Thursday, May 18, 2017

What Crime Would a ‘Special Prosecutor’ Prosecute?

“We know Director Comey was leading an investigation in [sic] whether the Trump campaign colluded with the Russians, a serious offense.” So inveighed Senate minority leader Chuck Schumer (D. N.Y.), according to a report by PJ Media’s Bridget Johnson. Senator Schumer added, “If there was ever a time when circumstances warranted a special prosecutor, it is now.”
No, it’s not.
Readers of these columns will recall that I am a naysayer on the constitutional chimera interchangeably called a “special prosecutor” or an “independent counsel.” I won’t rehash all the arguments yet again. Suffice it to say there is no such thing as a prosecutor who exercises prosecutorial power independent of the executive branch. Were the Trump administration to cave in to media-Democrat pressure and appoint a “special prosecutor,” that lawyer would be chosen by the Trump Justice Department and answer to the president.
As night follows day, the next line of politicized attack would be that President Trump had rigged the investigation by choosing a crony to make the scandal disappear.
Special prosecutors notoriously guarantee a number of headaches for an administration. Unlike other prosecutors' offices, they do not have to limit the resources devoted to a single case because of other enforcement needs. Their investigations inevitably metastasize far beyond the original inquiry because there is no supervisor to keep them focused on the subject matter and ensure that the investigation is completed in a reasonable time. The arrangement is a perverse assignment of a prosecutor to a single target (or set of targets) with a mandate to make a case against him – whatever case can be made, however long it takes. Because political cases have a high public profile, and the special prosecutor would inevitably be accused of a whitewash if he decides an indictment is not warranted, there is unusually great pressure to file some charge – even if it is a “process crime” (i.e., an offense, such as making false statements to investigators, that relates not to the conduct that was under investigation but to obstruction of the investigation itself).

Just as important, special prosecutors severely degrade an administration’s capacity to govern. They paralyze officials, pitting them against each other when they should be cooperating on the president’s agenda. They divert time, energy, and resources away from the conduct of official responsibilities so that the prosecutor’s investigative demands can be answered.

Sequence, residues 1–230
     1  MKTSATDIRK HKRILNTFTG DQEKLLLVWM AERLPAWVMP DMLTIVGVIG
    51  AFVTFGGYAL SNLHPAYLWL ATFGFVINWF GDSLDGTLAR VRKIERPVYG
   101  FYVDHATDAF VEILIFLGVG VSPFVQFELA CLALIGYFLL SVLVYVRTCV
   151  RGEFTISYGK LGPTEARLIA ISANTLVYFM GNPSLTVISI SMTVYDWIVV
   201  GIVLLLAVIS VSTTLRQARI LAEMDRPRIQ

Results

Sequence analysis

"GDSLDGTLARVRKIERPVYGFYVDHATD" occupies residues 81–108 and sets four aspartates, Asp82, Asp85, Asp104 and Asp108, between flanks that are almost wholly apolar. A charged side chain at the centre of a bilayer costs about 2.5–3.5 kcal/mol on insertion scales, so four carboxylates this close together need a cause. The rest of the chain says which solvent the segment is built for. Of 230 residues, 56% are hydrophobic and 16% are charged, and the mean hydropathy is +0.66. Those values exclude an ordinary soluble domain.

The only upside an administration supposedly gets in exchange for bearing these debilitating burdens is that appointing a special prosecutor signals to the public that the administration is not afraid of an “independent” investigation. But if the president is going to be accused of rigging the investigation anyway, what’s the point?
Let’s put all that aside for a moment, though. If we’re already talking about a special prosecutor, it means we have ignored what is supposed to be a rudimentary requirement: the crime.
You don’t need a prosecutor unless you first have a crime.
If the point of the exercise is to explore threats posed by Russia, that’s not a job for a prosecutor; it is a job for the president, the intelligence agencies, and Congress. We have prosecutors to prosecute crime; absent crime, there is no place for them. And special prosecutors only come into the picture when the suspects are people (generally, executive branch officials) as to whom the Justice Department has a conflict of interest. But those suspects must be suspects in a crime – not just in some untoward or sleazy form of behavior.
So what is the crime? What is the federal criminal offense that could be proved in a court of law under governing law and evidentiary rules?
“Collusion” – the word so tirelessly invoked – is not a crime. It is used pejoratively, but it is just a word to describe concerted activity. Concerted activity can be (and usually is) completely legal. Lots of unsavory activity in which people jointly participate is legal, even if we frown on it. In order to be illegal, concerted activity must rise to the level of conspiracy.
A conspiracy is an agreement to commit a crime. Not to do something indecorous or slimey; it must be something that is actually against the law, something that violates a penal statute. In the crim-law biz, the crime that conspirators agree to try to accomplish is known as “the object of the conspiracy.” If the object is not against the law, there is no conspiracy – no matter how much “collusion” there is.
So, in the ballyhooed “Russia investigation,” what is the object of the purported conspiracy? Notice that although Senator Schumer casually asserts that “a serious offense” has been committed, he does not tell us what that offense is.
That’s because there isn’t one.
Sorry to be the downer at the pep rally, ...

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